Promise Pegasus2 M4 (4x1TB) Thunderbolt 2 DAS Reviewby Kristian Vättö on September 12, 2014 9:00 AM EST
The Pegasus2 M4: Performance
Let's start with single-drive performance to get the baseline level of performance so we have an idea of what to expect from a 4-drive array. We ran HD Tach on one of the 1TB 5,400rpm Toshiba drives as HD Tach produces a nice graph of performance across all LBAs.
Peak performance is 120MB/s for one drive, so it is reasonable to expect a maximum performance of ~480MB/s from a RAID 0 array. However, by the last LBAs the throughput drops to half that amount.
For array performance, we use Iometer due to its flexibility. Sequential performance is tested with a transfer size of 2MB at queue depth of one and the test runs for one minute, while 4KB random performance is tested at queue depth of three for three minutes. All tests are run with an 8GB LBA space, so we are looking at the best case performance here – the HD Tach graph above gives you an idea of how the performance degrades as the array is filled.
|Promise Pegasus2 M4 4TB (4x1TB) Performance|
|2MB Sequential Read (QD1)||2MB Sequential Write (QD1)||4KB Random Read (QD3)||4KB Random Write (QD3)|
|Pegasus2 M4 (RAID 0)||480.6MB/s||466.81MB/s||0.95MB/s||4.42MB/s|
|Pegasus2 M4 (RAID 5)||355.5MB/s||356.0MB/s||0.94MB/s||0.67MB/s|
|Pegasus2 M4 (RAID 10)||408.4MB/s||240.5MB/s||1.11MB/s||2.15MB/s|
In a RAID 0 configuration, the M4 manages up to 480MB/s, which is where the hard drive becomes the bottleneck. That is far from the maximum performance of Thunderbolt 2 (20Gbps or 2.5GB/s) but over 100MB/s faster than what USB 3.0 is typically capable of providing.
With RAID 5 the write performance takes a hit because of the parity writes (you can only write data to three disks simultaneously as the fourth one will be writing parity data), but read speed is also affected. It could be a limitation of the RAID controller itself because some RAID controllers do not tend to work as well with RAID 5 because of the processing power required for parity calculation. RAID 10 also experiences similar performance loss as in theory RAID 10 should provide the same read performance as RAID 0, but that is not the case with the M4 and its RAID implementation.
I wanted to see what the M4 is capable of when fitted with faster hardware, so I took four 256GB SSDs and configured them in a RAID 0 array. I ran the same tests as above but added a test with queue depth of 16 to see the maximum throughput of the M4.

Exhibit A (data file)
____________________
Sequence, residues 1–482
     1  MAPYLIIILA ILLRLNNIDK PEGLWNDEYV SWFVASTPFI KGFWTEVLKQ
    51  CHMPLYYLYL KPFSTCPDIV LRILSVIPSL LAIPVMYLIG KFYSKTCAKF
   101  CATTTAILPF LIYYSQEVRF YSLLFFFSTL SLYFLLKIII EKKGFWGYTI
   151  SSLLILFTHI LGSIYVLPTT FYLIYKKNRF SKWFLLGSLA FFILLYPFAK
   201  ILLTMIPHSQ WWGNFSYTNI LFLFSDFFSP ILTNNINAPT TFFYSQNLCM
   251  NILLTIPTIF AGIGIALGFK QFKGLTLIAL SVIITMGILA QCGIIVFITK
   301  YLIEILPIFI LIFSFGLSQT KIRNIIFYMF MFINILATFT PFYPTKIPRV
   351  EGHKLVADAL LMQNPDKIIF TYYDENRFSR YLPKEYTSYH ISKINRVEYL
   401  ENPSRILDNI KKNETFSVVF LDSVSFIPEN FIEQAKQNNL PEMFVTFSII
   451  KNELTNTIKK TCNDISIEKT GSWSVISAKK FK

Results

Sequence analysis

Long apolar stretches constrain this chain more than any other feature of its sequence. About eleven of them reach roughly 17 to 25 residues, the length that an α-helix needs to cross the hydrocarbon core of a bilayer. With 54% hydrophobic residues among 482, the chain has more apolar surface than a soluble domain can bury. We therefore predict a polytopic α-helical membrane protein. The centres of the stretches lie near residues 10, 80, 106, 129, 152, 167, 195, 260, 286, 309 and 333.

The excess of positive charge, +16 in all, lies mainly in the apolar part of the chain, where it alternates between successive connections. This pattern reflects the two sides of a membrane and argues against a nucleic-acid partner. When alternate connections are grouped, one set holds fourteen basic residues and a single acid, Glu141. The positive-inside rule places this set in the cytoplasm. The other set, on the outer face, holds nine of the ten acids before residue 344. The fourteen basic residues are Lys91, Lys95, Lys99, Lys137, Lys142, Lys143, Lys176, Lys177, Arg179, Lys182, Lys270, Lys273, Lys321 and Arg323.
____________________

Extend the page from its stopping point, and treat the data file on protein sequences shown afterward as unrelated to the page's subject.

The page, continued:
|Promise Pegasus2 M4 1TB (4x256GB SSD) Sequential Performance|
|2MB Sequential Read (QD1)||2MB Sequential Read (QD16)||2MB Sequential Write (QD1)||2MB Sequential Write (QD16)|
|Pegasus2 M4 (RAID 0 - SSD)||579.1MB/s||719.0MB/s||532.6MB/s||617.0MB/s|
|Pegasus2 M4 (RAID 0 - HDD)||480.6MB/s||478.4MB/s||466.81MB/s||456.4MB/s|
With SSDs the M4 takes more advantage of Thunderbolt, although performance is still not that great. Four SATA 6Gbps SSDs should be capable of ~2GB/s in sequential read, so it is clear that the SATA/RAID controller (or the RAID controller) is limiting performance. For mechanical storage that is not an issue but we can see why Promise is not offering an SSD configuration – it simply would not be worth the extra cost since the performance upgrade is rather insignificant, at least for video work where random accesses are not critical.
|Promise Pegasus2 M4 1TB (4x256GB SSD) Random Performance|
|4KB Random Read (QD3)||4KB Random Write (QD3)|
|Pegasus2 M4 (RAID 0 - SSD)||16.75MB/s||30.1MB/s|
|Pegasus2 M4 (RAID 0 - HDD)||0.95MB/s||4.42MB/s|
Random performance is obviously multiple times better with SSDs but nowhere near what it should be with four SSDs in RAID 0. Even a single SATA 6Gbps SSDs scores around 90MB/s in random read and easily over 200MB/s in random write, so the SATA/RAID controller appears to be the bottleneck once again.